• Like x 9
  2. Codeless

    Codeless Cheshire Cat

    Some of this i think is really unfortunate juxtapostion of topic then. Because discussion of Anonymous being a dick to people, entwined with talking about actively attacking people when angry (I think is what you´re talking about Separate from anonymous?) Read rather like you were saying people who were angry about Anonymous being a dick to them were to blame unless they turned the other cheek and chose not the be angry at anonymous.

    Ok so for one, you, personally, absolutely can. Sincere congratulation on what from my perspective is a legitimate superpower.
    Secondly, people are absolutely responsible for attacking and hurting other even when angry.

    BUT: I was bullied as a child. extensively. The teachers were useless. In fact, they told me that when people constantly mocked me and belittled me, and poked and prodded me until I lost my temper, it was My fault for losing my temper, and not theirs for the constant mockery. It was never acknowledged that I might have a right to be angry, even if what I was doing with that anger was wrong. (I was 7 years old. I had the amount of self control you can expect from a kid that age)

    To me this read, in the connection with anonymous mentioned above, like "You are not only not allowed to say anything if someone hurts you, you are not even allowed to Feel that way."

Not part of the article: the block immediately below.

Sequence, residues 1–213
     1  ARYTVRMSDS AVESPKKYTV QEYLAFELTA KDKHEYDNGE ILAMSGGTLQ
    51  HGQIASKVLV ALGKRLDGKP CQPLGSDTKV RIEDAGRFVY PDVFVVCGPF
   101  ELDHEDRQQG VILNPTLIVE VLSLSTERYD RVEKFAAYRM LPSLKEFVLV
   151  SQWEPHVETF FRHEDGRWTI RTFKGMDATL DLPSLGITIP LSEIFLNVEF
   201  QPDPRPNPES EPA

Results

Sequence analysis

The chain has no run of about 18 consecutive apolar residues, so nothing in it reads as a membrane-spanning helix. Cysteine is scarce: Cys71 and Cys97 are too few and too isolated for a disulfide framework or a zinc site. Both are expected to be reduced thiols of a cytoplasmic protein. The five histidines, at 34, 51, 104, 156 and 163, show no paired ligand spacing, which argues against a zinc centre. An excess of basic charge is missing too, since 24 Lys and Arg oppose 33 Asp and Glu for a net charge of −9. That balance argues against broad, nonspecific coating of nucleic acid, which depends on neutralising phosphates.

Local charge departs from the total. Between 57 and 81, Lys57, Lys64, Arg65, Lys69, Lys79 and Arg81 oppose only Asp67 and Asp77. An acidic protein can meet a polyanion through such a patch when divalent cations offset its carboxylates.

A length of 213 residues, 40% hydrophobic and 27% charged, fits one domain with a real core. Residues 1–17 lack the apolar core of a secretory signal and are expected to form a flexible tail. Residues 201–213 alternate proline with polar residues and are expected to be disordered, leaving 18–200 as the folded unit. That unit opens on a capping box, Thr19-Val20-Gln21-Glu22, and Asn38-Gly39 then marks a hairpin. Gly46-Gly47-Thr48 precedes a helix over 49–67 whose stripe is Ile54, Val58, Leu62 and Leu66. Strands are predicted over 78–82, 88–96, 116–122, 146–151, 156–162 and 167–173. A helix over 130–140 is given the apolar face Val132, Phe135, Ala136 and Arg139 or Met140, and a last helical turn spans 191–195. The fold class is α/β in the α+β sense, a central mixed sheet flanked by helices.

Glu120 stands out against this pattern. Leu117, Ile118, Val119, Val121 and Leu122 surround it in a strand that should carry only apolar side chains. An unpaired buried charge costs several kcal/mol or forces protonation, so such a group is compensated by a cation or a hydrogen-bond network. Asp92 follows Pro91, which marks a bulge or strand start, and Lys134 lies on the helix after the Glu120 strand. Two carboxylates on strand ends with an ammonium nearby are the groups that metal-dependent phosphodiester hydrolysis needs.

Because mockery hurts.

    I do my absolute damnest to make sure my anger doesn´t hurt people. I screamed insults in a private place while we were arguing. They are in a private place, away from you. I may not be very polite here but I am trying not to actively emotionally harm you.
    However, in the privacy of my own mind, I am angry and even if i turned the computer off right this second and never logged on here again so I would never see you, much less this argument, I would continue to be angry. It´ll go away eventually. I will step away if I feel out of control. (Which might be happening soonish)

    But, I am allowed to be angry. I am not required to Fix my anger. Only to make sure it doesn´t hurt people.
    Last edited: Mar 25, 2017
    • Like x 4
  3. Codeless

    Codeless Cheshire Cat


    For me at least, anger always comes from being hurt in some way. Sometimes this is no ones fault. But being told not to be angry sounds to me a lot like being told to just magically not to be hurt by things.

    Probably not what you meant but.
    • Like x 4
  4. spockandawe

    spockandawe soft and woolen and writhing with curiosity

    FUCK, I forgot to make half of my point. I'm a mess.

    When people have the brakes between angry emotions and angry actions, I... don't think that communicating that you have angry emotions quite counts as an angry action. If an angry action involves lashing out at people or hurting them in some way, I'm responsible for that part of my anger. Since I tend not to lash out, I don't generally need to worry about controlling the angry feelings. If I do lash out, I work on improving the brakes between feelings and actions, because that's where I'm used to exerting control. Which includes saying hurtful things while expressing I'm angry, but I can also be angry without trying to hurt people.